• Next, ask if they can find the moveable letter that matches the sound ...aaaa.
  • Reinforce them by saying, “That’s great, you’ve found the …aaaa…sound. Now let’s see if we can find the next sound in the word am….aaaammmmmmmmmmmmmm. Can you tell me what it is? Now, can you find the (moveable) letter that makes that sound?”
  • Repeat this exercise until they understand and before you know it, your child has spelled their first word!
  • Do this exercise again to spell as, then at. That’s three words they’ve learned to spell.
  • If your child is having difficulty…go back a step.


Stage 3: Word Families

  • There are many different word families or words with similar patterns in spelling. Start when you are learning how to teach spelling with the easiest word families. They are what teachers call CVCs (which just means consonant, vowel, consonant.) Each CVC word starts with a consonant, has one vowel in the middle, then finishes with a consonant.
  • I teach them like this. I start with the vowel a in the middle and work through the different words families below, with that particular vowel. This means your child will really know this vowel sound before they move to the next. After this I move on to word families with the vowel e…then i o u as you can see below.

The a Word Families

at family ... cat mat sat rat bat fat

an family ... ban fan man pan ran

ad family ... bad dad had lad mad pad

ap family ... cap gap lap map nap tap


The e Word Families

et family ... bet get jet let met net pet set vet wet yet

en family ... ten den hen Jen men pen

ed family ... bed fed led red Ted


The i Word Families

in family ... bin din pin tin win

id family ... bid did hid kid lid rid

ig family ... big dig fig jig pig wig

ip family ...dip hip lip nip pip rip sip tip zip

it family ... bit fit hit kit lit mit pit sit



The o Word Families

ot family ... cot dot got hot jot lot not pot rot tot

og family ... bog cog dog fog hog jog log

op family ... hop lop mop pop top

ob family ...Bob cob dob hob job mob sob

ox family ... box fox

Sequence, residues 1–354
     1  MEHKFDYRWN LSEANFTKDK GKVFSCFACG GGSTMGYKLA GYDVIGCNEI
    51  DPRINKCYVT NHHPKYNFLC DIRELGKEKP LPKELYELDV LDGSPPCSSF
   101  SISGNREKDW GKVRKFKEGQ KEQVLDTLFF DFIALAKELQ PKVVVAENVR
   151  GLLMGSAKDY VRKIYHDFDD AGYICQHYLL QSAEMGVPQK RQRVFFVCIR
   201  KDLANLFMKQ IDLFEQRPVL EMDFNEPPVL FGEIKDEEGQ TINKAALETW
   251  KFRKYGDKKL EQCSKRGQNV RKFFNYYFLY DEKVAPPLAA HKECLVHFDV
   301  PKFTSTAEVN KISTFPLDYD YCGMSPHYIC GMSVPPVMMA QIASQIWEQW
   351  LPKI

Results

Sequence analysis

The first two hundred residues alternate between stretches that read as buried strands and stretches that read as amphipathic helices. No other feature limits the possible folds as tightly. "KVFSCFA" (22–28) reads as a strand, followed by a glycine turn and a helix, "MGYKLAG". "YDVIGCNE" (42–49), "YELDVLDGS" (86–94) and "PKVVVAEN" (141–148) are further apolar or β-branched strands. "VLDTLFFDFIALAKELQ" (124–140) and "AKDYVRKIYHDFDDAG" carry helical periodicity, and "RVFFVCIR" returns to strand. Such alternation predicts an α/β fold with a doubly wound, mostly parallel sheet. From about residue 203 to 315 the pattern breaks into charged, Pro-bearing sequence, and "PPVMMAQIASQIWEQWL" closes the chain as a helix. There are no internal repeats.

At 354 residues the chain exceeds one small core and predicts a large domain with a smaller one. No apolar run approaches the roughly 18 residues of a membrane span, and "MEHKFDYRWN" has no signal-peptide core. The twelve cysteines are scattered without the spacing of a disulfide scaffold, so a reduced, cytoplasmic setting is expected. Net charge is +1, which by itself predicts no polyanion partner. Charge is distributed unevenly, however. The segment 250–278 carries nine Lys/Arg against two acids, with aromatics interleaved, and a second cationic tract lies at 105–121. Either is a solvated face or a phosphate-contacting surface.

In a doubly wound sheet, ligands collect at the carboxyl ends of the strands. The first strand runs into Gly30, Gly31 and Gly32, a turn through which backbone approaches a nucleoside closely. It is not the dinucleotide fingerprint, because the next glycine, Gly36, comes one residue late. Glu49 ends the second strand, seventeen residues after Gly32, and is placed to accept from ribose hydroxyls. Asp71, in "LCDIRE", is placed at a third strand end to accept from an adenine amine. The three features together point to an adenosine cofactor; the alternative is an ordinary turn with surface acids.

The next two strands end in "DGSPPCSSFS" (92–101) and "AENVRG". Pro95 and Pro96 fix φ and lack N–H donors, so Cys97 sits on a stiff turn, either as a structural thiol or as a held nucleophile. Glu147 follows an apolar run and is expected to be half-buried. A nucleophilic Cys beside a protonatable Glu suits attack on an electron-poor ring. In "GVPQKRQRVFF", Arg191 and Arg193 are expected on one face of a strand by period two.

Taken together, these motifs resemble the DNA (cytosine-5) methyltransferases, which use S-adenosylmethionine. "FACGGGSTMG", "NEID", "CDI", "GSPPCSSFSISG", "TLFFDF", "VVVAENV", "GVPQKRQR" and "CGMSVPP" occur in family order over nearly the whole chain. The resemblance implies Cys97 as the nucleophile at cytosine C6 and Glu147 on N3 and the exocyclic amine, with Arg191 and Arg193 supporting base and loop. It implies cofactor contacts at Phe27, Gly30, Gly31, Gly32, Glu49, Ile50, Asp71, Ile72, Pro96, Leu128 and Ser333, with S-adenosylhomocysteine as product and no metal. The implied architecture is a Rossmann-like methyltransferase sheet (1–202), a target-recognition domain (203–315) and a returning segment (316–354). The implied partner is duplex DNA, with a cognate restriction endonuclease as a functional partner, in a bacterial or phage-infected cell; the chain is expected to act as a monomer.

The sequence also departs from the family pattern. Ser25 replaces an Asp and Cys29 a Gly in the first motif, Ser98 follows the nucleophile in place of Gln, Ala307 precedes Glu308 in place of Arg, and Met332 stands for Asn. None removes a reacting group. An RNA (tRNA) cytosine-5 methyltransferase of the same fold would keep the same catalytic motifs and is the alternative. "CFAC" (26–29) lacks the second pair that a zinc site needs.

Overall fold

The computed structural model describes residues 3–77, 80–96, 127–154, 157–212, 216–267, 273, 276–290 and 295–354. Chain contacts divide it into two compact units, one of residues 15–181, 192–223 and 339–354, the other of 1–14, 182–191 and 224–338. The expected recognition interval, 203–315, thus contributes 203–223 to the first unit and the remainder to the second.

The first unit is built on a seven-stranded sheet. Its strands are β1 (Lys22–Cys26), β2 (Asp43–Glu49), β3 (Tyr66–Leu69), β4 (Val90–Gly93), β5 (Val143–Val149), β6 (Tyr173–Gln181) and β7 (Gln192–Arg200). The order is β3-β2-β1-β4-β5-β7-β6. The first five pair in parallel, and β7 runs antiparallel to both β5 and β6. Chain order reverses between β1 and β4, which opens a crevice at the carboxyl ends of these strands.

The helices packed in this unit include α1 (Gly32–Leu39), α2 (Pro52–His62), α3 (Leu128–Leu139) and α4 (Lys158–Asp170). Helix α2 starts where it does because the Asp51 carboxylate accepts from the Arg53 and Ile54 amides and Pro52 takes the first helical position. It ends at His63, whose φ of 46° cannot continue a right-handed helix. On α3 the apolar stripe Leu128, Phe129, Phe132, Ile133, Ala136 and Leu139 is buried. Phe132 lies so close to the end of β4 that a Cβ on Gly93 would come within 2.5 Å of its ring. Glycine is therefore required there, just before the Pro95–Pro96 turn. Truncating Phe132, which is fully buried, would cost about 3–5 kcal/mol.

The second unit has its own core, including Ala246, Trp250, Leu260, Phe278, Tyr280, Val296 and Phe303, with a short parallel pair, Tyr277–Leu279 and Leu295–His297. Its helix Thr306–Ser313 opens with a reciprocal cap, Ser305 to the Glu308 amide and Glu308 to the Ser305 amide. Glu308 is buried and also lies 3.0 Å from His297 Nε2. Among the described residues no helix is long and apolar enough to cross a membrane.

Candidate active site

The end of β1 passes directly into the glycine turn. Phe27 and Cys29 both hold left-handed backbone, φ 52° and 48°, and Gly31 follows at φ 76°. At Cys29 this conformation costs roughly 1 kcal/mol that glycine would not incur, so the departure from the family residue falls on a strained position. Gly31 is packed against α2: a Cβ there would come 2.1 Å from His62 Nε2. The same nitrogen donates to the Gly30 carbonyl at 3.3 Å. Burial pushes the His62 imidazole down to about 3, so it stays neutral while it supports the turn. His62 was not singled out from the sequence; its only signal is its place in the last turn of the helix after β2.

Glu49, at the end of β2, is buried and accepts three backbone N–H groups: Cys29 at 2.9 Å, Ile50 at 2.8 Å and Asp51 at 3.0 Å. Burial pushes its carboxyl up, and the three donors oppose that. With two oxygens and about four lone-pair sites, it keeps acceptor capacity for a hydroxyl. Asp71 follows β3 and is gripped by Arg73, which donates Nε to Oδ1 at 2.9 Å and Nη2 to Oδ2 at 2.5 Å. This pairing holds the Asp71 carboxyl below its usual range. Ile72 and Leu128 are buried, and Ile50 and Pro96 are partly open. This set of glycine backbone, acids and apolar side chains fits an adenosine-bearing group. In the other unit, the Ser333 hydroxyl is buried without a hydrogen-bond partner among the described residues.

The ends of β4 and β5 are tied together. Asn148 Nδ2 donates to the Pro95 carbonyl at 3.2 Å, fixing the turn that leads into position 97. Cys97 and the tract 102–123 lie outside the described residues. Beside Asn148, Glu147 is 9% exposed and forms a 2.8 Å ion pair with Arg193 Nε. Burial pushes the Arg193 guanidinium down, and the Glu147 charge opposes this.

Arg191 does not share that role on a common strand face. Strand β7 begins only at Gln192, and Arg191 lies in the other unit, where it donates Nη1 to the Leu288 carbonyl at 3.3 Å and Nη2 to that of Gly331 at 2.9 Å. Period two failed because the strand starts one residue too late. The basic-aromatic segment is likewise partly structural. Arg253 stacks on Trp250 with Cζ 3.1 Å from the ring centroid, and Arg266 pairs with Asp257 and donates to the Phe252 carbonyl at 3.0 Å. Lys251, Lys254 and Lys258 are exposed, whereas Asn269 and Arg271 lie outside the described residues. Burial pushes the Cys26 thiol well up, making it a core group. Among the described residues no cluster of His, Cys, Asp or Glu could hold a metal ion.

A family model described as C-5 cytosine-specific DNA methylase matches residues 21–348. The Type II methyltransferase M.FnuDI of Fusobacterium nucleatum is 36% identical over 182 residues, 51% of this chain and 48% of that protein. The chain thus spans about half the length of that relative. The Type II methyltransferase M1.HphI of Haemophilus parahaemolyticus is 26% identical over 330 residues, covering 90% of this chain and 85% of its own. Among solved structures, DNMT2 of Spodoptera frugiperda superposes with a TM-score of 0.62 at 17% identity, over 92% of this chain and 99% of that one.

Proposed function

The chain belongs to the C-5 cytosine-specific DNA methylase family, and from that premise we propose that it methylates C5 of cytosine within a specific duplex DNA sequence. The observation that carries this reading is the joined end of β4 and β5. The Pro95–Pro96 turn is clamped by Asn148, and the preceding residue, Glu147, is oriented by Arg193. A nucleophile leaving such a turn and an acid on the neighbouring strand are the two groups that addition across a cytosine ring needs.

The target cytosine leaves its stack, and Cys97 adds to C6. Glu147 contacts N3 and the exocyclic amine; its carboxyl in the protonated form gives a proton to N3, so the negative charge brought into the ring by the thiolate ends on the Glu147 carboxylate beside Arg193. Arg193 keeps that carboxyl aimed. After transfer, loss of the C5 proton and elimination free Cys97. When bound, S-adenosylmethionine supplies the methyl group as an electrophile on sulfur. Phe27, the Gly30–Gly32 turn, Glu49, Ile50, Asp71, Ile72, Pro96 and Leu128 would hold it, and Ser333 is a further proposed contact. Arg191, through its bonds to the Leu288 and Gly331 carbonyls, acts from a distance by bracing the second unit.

The u Word Families

ub family ... cub hub rub tub

ug family ... bug dug hug jug mug rug tug

un family ... bun fun run sun


Stage 4: Consonant Blends

The next set of word patterns you should focus on when you are learning how to teach spelling is consonant blends. Below I have a link to an article on them. There I explain...

  • what they are
  • what order they should be taught in
  • a fun method of how to teach the spelling of them by breaking them up. Get this right and your child will find them much easier to learn.
  • Click to go to Consonant Blends.


Teach your student the method I explain on that page and it will make learning to spell them more logical. After they’ve practised breaking them up, they will be ready to rebuild them by spelling them.

Consonant blends which occur at the ends of words like ng and nk, are a little more difficult to say and therefore to spell. This is because they sound nasal and it's not as easy to distinguish between the letters.

Teach them to your student this way.

  • exaggerate the individual sounds and show them the moveable letters that make those sounds
  • point to your nose and laugh when making nasal sounds. This will help your child remember that it sounds nasal.
  • when practising end blends, keep it simpler at the start, by ensuring there are no blends at the beginning of the word as as well e.g. list sold pond. The words in the example start with a single sound. Once words like these have been conquered, then try words with blends at either end like flash sting stamp.
  • dictate the words listed in the Consonant Blends article and ask your student to write them. If writing is difficult, they can use the moveable cards.


Stage 5: Complex Spelling

How to teach spelling at the next level is more complex.

I have covered this aspect of spelling in a separate article on this website.

When you click on the first link below it will tell you how to approach difficult words and crack their codes. You will see examples of misspelt words and how to tackle the errors.


Go From How To Teach Spelling To Difficult Spelling Words


How To Teach Spelling To Correct Spelling Of Words


How to Teach Phonics To Phonics Literacy Homepage